Needless to say, the combination of Putin’s desire to regain the “empire” coupled with his actions in Ukraine and the annexation of Crimea makes the Russian military provocations in the Baltic area very meaningful to those that live there.  The Baltic States and Poland are among the twenty-eight members of NATO.  And that’s where it starts to get interesting.

Earlier this month, President Obama and the other heads of state met at a NATO summit in Warsaw. Many topics were covered ranging from Afghanistan to Ballistic Missile Defense to ISIS.  But a major topic, the one capturing the attention of those following it closely, was a key decision concerning the Baltic area.  For several years now, the United States and other members have rotated troops and fighter wings through the Baltic States as a reminder to Russia that NATO has a stake in their continued independence.  At this year’s summit, those provisional deployments were made firmer.  In response to Russian provocations, the NATO members decided to deploy ground forces (four battalions) on a rotating basis, but always there, in Latvia, Lithuania, Estonia and Poland.  Additionally, air and naval forces will conduct periodic training in and near the area.  The point is much the same as our stationing of troops in West Germany during Cold War I.  Should the Russians make a move on one of these states, they will need to go through NATO forces to do it and thus risk war.  To be clear, the numbers of NATO forces there are a drop in the bucket and would not meaningfully impede a Russian advance.  They are there as a symbol of resolve.  Under Article 5 of the Washington Treaty (the creation of NATO) an attack on one member is considered an attack on all.  It is the principal of collective defense that has helped to keep the peace in Europe and provided the foundation for a period of economic and political stability that has lasted for roughly seventy years.  The first time in the history of NATO that Article 5 was invoked was following the terrorist attacks on the United States on 11 September 2001.

The idea of collective defense coupled with the military capability and political will to back it up has been the cornerstone of American foreign policy since World War II.  There was never any doubt about the U.S. commitment to NATO and our allies.  It served as a major block to Soviet adventurism in Cold War I and is a serious warning to Putin’s adventurism as Cold War II begins to build.  Never a doubt.  Until now.

In a foreign policy interview published by the New York Times on 21 July, Mr. Donald J. Trump (R-Manhattan) threw that commitment into doubt.  You can read it for yourself using the link, but here is part of that interview:

SANGER: I was just in the Baltic States. They are very concerned obviously about this new Russian activism, they are seeing submarines off their coasts, they are seeing airplanes they haven’t seen since the Cold War coming, bombers doing test runs. If Russia came over the border into Estonia or Latvia, Lithuania, places that Americans don’t think about all that often, would you come to their immediate military aid?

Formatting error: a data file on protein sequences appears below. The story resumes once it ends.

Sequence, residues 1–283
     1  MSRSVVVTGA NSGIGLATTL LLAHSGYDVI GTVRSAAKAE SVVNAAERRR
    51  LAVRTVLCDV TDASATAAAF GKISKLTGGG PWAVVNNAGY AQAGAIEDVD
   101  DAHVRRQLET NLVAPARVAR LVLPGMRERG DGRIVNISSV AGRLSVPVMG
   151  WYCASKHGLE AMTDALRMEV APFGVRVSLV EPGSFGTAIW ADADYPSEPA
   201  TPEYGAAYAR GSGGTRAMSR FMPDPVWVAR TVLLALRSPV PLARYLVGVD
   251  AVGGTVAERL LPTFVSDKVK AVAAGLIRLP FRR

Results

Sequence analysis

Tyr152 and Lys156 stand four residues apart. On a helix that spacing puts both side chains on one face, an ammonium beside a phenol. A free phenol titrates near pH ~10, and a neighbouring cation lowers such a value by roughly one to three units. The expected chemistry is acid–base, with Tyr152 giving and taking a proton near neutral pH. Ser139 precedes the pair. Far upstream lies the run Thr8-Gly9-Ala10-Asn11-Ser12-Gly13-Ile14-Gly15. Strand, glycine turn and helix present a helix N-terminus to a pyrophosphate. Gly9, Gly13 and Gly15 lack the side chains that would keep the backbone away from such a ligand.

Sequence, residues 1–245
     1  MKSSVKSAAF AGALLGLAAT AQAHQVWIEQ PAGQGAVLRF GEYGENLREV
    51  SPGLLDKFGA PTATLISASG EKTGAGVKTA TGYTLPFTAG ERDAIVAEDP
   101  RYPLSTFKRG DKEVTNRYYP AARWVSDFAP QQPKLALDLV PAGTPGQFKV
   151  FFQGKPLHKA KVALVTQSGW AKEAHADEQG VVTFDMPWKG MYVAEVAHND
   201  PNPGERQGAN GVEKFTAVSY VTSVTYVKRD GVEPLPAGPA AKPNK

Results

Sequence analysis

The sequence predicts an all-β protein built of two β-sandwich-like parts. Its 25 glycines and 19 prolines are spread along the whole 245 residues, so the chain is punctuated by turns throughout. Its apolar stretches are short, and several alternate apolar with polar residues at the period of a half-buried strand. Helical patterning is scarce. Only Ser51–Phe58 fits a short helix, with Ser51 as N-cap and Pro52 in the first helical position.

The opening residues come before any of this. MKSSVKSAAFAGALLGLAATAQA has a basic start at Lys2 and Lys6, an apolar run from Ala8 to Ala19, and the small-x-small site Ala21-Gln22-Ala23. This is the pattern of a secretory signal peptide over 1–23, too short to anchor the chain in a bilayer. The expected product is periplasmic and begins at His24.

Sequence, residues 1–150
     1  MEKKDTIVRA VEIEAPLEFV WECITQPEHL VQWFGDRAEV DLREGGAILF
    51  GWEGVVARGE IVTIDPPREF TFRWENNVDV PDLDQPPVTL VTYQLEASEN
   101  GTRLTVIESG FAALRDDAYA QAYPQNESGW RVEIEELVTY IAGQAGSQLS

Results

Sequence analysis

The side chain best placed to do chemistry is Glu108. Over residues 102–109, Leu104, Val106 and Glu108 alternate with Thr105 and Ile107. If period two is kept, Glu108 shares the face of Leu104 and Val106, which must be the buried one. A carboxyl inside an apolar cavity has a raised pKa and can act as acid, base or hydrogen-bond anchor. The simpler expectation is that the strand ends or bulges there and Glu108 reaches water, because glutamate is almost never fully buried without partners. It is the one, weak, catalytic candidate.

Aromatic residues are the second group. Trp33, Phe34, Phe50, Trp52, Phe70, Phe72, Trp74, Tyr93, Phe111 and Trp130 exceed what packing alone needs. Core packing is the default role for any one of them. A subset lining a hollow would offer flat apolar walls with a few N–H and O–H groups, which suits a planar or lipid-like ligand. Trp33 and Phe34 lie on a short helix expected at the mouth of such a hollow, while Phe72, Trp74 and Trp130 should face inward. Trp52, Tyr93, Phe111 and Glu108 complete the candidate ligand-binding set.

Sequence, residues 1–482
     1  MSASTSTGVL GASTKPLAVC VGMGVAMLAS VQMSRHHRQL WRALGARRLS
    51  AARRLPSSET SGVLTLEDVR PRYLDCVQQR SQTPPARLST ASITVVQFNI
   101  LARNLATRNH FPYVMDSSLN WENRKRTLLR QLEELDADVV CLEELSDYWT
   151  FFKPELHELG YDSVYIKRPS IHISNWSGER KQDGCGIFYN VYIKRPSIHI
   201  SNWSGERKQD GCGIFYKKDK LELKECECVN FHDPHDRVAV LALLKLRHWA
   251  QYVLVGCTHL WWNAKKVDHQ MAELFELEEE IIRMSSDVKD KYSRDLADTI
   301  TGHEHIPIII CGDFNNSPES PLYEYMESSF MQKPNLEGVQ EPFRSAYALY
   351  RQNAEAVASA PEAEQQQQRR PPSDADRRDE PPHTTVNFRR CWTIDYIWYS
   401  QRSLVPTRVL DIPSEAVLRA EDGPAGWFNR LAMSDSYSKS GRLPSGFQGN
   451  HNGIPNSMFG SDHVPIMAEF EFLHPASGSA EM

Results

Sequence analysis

TRUMP: I don’t want to tell you what I’d do because I don’t want Putin to know what I’d do. I have a serious chance of becoming president and I’m not like Obama, that every time they send some troops into Iraq or anyplace else, he has a news conference to announce it.

SANGER: They are NATO members, and we are treaty-obligated ——

TRUMP: We have many NATO members that aren’t paying their bills.

SANGER: That’s true, but we are treaty-obligated under NATO, forget the bills part.

TRUMP: You can’t forget the bills. They have an obligation to make payments. Many NATO nations are not making payments, are not making what they’re supposed to make. That’s a big thing. You can’t say forget that.

SANGER: My point here is, Can the members of NATO, including the new members in the Baltics, count on the United States to come to their military aid if they were attacked by Russia? And count on us fulfilling our obligations ——

TRUMP: Have they fulfilled their obligations to us? If they fulfill their obligations to us, the answer is yes.

HABERMAN: And if not?

TRUMP: Well, I’m not saying if not. I’m saying, right now there are many countries that have not fulfilled their obligations to us.

Regardless to say, this created a high level of anxiety throughout the capitals of our allies and seriously casts into doubt the viability of collective defense.  To be effective, Article 5 has to be an article of faith for every member and for every potential opponent.  Otherwise, it has little meaning.  As Cold War II develops, I’m sure Vladimir Putin was celebrating.